Ducrocq SC, Meyer PG, Orliaguet GA, et al. Epidemiology and early predictive factors of mortality and outcome in children with traumatic severe brain injury: Experience of a French pediatric trauma center. Pediatr Crit Care Med. 2006;7(5):461–467.

Ghigo E, Masel B, Aimaretti G, et al. Consensus guidelines on screening for hypopituitarism following traumatic brain injury. Brain Inj. 2005;19(9):711-24.

Niederland T, Makovi H, Gal V, et al. Abnormalities of pituitary function after traumatic brain injury in children. J Neurotrauma. 2007;24(1):119–127.

Phoomtavorn P, Maixner W, Zacharin M. Pituitary function in paediatric survivors of severe traumatic brain injury. Arch Dis Child. 2008;93(2):133–137.

Somrani R. Devenir endocrinien et neurologique à moyen terme des enfants hospitalisés en réanimation pédiatrique pour traumatisme crânien. Mémoire des de pédiatrie. Université Joseph Fourier Grenoble CHU Grenoble; 2009.

Heather NL, Jefferies C, Hofman PL, et al. Permanent hypopituitarism is rare after structural traumatic brain injury in early childhood. J Clin Endocrinol Metab. 2012;97(2):599–604.

Bethany A. Auble, Sureka Bollepalli, et al. Hypopituitarism in pediatric survivors of inflicted traumatic brain injury. Journal of Neurotrauma. 2014;31(14):321–326.

Tanriverdi F, Senyurek H, Unluhizarci K, Selcuklu F, et al. High risk of hypopituitarism after traumatic brain injury: A prospective investigation of anterior pituitary function in the acute phase and 12 months after trauma. J Clin Endocrinol Metab. 2006;91(6):2105-11. Epub 2006 Mar 7.

Kaulfers AM, Backeljauw PF, Reifschneider K, et al. Endocrine dysfunction following traumatic brain injury in children. J. Pediatr. 2010;157(6):894–899.

Dons RF. Thyrotropin (TSH) surge test. In: Endocrine and Metabolic Testing Manual, 3rd Ed. CRC Press: New York. 1998;8–10.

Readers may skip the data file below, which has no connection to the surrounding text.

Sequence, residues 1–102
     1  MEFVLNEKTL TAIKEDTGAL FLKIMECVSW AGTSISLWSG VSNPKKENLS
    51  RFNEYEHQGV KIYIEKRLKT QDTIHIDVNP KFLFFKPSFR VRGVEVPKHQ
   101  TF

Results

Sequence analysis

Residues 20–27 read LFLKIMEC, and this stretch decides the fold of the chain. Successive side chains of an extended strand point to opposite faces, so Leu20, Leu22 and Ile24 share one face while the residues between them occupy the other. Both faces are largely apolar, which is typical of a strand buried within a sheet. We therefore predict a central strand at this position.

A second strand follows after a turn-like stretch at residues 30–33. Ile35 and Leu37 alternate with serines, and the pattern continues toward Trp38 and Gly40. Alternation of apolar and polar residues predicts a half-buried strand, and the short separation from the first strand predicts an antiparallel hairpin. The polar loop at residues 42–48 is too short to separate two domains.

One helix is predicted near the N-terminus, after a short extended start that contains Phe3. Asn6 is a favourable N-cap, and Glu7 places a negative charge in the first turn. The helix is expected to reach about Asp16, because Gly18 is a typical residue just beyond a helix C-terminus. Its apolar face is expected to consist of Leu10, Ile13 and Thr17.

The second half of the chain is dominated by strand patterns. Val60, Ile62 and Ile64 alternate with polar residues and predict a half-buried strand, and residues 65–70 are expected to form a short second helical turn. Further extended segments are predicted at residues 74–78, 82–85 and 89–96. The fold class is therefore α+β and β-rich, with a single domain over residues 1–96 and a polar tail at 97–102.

Rose SR. Clinical utility of time-of-day normal ranges for TSH. J Pediatr. 2010;157(4):662-667.

Carroll CP, Cochran JA, Price JP, Guse CE, et al. The AIS-2005 Revision in severe traumatic brain injury: Mission accomplished or problems for future research. Ann. Adv. Automot. Med. 2010;54(1):233–238.

Schneider HJ, Kreitschmann-Andermahr I, Ghigo E, et al. Hypothalamopituitary dysfunction following traumatic brain injury and aneurysmal subarachnoid hemorrhage: A systematic review. JAMA. 2007;298(12):1429-38.

Kelly DF, Gonzalo IT, Cohan P, et al. Hypopituitarism following traumatic brain injury and aneurysmal subarachnoid hemorrhage: A preliminary report. Journal of Neurosurgery. 2000;93(1):743-751.

Agha A, Rogers B, Sherlock M, et al. Anterior pituitary dysfunction in survivors of traumatic brain injury. J Clin Endocrinol Metab. 2004;89(10):4929-36.

Aimaretti G, Ambrosio MR, Di Somma C, et al. Residual pituitary function after brain injury-induced hypopituitarism: A prospective 12-month study. J Clin Endocrinol Metab. 2005;90(11):6085–92.

Klose M, Juul A, Struck J, Morgenthaler NG, et al. Acute and long-term pituitary insufficiency in traumatic brain injury: A prospective single-centre study. Clin Endocrinol (Oxf). 2007;67(4):598-606.